TPM Cafe: Opinion

Teen pregnancy rates have been steadily declining in the United States within the last 40 years, but a new study argues that in recent years, that decline has become more rapid due to a surprising source: MTV. The National Bureau of Economic Research study argues that MTV reality shows "16 and Pregnant" and its spin-offs programs have reduced the teen pregnancy rate by 5.7 percent. But while these shows may have contributed to a decline in teen pregnancy rates, they also fit a larger trend in teen pregnancy prevention of using teen mothers as objects of shame.

The study found that "16 and Pregnant" and its spin-offs may have prevented more than 20,000 births to teenage mothers since 2010. It also found that after being introduced to "16 and Pregnant," teens and young women searched and tweeted about birth control and abortion. Obviously, this is encouraging. Women are seeking out information on reproductive health care, and in a climate where access to that information and care from traditional sources like school-sponsored sex ed programs is increasingly hard to come by, it is promising that a show may be inspiring teens and women to inform themselves by going online.

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With a single cover image, Time has successfully dashed any hopes that electing the first president who isn’t white would ease the passage for the next potential president who isn’t male. The latest cover of the magazine, illustrating a story about Hillary Clinton’s electoral chances, features the headline “Can Anyone Stop Hillary?” with an illustration of teeny man hanging off the back of the heel of a giant woman in a pantsuit. The image captures the moment before the man gets violently squashed to death as the woman’s heel comes down, like he’s a victim of a misogynist B horror film about giant women getting revenge.

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Five years ago, North Carolina was making great strides in voter participation. More and more young, low-income, and minority voters were going to the polls. But in 2010, Republicans gained control of the legislature for the first time in a century, and rewrote district lines to ensure even more gains in 2012. Last summer North Carolina’s newly-elected general assembly, led by conservative Republicans, passed a comprehensive voter suppression law in a series of party-line votes, effectively turning back the clock on voting rights.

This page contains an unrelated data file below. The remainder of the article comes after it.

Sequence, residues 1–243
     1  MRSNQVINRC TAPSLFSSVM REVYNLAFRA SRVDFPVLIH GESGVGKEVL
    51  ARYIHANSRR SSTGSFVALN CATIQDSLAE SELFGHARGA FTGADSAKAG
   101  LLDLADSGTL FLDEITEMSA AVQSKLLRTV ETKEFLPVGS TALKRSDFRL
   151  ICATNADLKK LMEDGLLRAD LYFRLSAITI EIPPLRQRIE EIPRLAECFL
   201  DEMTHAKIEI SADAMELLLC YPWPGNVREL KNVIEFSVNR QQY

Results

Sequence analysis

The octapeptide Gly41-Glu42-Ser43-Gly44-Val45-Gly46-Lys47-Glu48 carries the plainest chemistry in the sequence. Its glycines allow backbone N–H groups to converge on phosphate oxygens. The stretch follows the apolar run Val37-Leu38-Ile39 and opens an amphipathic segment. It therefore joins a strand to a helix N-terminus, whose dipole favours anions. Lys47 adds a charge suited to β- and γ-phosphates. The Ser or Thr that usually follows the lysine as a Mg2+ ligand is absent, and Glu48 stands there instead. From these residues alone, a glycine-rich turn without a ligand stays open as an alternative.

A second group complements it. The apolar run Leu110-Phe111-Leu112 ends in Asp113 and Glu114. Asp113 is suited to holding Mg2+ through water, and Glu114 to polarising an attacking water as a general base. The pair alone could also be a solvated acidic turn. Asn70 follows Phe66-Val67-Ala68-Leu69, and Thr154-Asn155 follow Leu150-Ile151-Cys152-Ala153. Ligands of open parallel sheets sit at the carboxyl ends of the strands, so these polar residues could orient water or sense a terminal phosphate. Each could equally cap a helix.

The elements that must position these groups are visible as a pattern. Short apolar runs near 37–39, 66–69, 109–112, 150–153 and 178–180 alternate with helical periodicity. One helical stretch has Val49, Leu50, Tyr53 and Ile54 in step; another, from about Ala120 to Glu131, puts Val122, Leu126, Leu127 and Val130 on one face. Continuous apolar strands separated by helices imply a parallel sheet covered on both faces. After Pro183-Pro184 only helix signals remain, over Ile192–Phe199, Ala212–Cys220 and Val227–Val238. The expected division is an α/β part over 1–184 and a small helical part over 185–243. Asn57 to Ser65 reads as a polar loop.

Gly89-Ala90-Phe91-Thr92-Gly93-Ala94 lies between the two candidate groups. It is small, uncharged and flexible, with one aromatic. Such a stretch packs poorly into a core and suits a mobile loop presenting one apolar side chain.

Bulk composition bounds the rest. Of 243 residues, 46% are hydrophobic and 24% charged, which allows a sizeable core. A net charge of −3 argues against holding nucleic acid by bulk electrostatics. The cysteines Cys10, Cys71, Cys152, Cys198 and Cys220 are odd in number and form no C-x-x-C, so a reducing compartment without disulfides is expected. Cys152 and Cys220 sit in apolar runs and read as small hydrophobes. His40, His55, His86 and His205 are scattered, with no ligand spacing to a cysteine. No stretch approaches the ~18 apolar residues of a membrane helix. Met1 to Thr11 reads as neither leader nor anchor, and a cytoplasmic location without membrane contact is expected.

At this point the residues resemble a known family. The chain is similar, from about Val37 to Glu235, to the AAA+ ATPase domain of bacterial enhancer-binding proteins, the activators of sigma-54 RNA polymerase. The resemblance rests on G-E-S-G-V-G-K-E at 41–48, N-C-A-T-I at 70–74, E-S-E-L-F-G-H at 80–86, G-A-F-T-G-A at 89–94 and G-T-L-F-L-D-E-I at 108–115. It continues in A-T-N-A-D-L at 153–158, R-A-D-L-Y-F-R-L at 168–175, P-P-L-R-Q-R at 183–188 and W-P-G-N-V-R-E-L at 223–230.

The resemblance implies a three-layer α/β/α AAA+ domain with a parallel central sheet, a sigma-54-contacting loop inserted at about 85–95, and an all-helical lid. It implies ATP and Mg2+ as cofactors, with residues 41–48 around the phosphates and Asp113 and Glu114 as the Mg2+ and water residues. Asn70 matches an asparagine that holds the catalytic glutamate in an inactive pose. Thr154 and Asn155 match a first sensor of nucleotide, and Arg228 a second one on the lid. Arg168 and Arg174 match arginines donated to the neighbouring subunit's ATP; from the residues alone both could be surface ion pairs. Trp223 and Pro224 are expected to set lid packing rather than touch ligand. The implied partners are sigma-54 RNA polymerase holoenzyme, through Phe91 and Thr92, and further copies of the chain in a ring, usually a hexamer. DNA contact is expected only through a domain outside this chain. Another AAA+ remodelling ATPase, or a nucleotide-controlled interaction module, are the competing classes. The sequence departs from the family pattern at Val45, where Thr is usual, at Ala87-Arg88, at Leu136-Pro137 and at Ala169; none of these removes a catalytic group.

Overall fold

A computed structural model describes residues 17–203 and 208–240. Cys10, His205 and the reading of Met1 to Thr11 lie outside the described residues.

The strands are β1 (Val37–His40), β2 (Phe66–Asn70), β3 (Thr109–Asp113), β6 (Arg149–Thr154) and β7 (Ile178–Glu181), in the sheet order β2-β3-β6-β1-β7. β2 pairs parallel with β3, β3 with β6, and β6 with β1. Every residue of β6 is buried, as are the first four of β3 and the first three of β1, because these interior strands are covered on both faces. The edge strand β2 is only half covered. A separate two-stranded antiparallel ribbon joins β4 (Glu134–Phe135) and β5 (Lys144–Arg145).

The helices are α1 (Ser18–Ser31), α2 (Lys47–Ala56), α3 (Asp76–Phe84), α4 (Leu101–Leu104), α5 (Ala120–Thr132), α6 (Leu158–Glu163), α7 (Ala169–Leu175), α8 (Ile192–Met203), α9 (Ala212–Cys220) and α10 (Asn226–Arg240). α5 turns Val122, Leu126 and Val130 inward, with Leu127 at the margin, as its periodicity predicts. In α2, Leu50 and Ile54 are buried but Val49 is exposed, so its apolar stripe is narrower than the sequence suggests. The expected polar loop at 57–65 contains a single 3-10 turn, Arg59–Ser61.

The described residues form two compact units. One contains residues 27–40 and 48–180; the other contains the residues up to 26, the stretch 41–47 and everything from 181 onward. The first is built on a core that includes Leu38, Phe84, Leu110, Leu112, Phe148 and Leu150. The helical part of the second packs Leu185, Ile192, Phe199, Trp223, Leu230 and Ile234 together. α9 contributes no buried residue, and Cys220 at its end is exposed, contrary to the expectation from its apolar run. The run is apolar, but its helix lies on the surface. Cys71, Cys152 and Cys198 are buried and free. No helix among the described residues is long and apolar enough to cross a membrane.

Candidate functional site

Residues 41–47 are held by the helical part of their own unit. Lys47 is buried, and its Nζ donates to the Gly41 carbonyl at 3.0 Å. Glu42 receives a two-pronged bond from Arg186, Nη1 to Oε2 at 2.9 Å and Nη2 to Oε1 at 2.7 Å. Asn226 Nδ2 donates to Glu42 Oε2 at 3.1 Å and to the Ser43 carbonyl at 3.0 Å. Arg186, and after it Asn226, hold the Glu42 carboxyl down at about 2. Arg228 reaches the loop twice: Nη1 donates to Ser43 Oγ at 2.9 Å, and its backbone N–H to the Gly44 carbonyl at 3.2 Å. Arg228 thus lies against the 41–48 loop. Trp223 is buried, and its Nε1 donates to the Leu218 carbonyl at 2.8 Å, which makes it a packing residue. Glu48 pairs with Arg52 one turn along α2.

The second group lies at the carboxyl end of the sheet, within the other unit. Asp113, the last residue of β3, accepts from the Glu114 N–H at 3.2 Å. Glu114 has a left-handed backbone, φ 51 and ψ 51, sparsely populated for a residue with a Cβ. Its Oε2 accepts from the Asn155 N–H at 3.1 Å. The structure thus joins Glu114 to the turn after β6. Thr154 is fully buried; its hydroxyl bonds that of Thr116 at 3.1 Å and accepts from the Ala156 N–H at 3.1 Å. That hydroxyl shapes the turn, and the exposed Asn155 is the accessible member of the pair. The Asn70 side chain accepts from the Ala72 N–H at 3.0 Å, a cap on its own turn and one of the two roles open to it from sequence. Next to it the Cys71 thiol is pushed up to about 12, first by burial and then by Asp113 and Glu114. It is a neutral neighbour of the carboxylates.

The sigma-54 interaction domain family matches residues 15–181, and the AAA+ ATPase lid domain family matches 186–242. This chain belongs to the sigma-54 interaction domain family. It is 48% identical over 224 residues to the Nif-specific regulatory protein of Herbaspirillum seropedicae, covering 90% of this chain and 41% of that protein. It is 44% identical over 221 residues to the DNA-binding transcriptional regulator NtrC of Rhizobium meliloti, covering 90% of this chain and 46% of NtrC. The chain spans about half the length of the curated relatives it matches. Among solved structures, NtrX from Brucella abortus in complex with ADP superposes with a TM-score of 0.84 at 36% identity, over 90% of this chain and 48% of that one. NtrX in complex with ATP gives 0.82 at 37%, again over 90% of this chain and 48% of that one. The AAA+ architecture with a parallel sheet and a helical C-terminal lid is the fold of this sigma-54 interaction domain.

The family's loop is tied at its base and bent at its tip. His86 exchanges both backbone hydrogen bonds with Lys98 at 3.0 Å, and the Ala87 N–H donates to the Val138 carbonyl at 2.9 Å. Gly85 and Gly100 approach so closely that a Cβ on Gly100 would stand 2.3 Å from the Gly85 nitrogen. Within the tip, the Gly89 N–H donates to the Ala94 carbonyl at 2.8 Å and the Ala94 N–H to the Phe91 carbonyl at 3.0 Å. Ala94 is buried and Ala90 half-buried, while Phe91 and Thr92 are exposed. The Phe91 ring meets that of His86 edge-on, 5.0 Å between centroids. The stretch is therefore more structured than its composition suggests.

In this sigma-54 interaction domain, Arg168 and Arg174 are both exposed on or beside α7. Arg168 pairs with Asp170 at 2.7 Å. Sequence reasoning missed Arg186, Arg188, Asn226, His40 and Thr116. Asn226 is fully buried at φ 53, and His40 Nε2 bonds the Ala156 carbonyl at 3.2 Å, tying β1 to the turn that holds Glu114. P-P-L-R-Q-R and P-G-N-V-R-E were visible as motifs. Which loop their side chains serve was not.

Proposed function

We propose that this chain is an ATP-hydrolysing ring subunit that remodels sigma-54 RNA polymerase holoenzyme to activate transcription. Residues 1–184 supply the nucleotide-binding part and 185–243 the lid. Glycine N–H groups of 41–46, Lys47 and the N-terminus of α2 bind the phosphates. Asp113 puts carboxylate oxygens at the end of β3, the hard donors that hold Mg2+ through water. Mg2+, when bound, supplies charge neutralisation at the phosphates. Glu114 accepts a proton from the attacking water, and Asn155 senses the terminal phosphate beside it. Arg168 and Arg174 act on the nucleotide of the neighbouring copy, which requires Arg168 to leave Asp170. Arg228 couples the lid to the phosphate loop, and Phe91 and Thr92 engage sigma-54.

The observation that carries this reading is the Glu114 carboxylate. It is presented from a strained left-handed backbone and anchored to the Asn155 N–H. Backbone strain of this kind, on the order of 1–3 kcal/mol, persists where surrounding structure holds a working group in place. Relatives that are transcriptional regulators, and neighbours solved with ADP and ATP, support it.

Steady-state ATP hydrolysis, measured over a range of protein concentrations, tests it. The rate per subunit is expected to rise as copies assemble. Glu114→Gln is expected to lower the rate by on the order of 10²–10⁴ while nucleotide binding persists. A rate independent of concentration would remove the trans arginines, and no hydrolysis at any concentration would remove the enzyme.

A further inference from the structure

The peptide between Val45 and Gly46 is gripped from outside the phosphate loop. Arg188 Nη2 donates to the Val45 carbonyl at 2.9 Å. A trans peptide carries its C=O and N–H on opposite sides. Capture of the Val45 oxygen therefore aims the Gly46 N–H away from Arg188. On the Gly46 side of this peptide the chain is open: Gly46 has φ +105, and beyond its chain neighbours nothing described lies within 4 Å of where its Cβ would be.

The seeds had been planted long before.

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During last fall's New Jersey gubernatorial contest, which Gov. Chris Christie used as a rehearsal for a 2016 presidential bid, the media were so mesmerized by his outsize personality that they paid little attention to his track record as governor. Contrary to his carefully-crafted image, Christie has not been a can-do bipartisan pragmatist but a hard-line conservative. When he plays the no-nonsense tough guy, it is usually aimed at the most vulnerable people in society. But he gets all warm and fuzzy when it comes to the rich and powerful.

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Congress is poised to pass its $1 trillion appropriations bill to implement the broad budget deal worked out last year by Rep. Paul Ryan (R-WI) and Sen. Patty Murray (D-WA). With another round of across-the-board sequester cuts looming to the scientific research budget of the National Institutes of Health (NIH), which funds most biomedical research around the nation, the budget deal produced a near-audible sigh of relief from scientists across the country.

The deal that Ryan and Murray negotiated and that Congress is set to pass in a final appropriations bill reverses $63 billion of sequester cuts for 2014. When the agreement was announced, the White House released a statement that the act “clears the path for critical investments in things like scientific research, which has the potential to unleash new innovation and new industries.” The final agreement still keeps the National Institutes of Health budget below 2012 levels, but it does avert about $1 billion in cuts, keeping the total budget at $29.9 billion.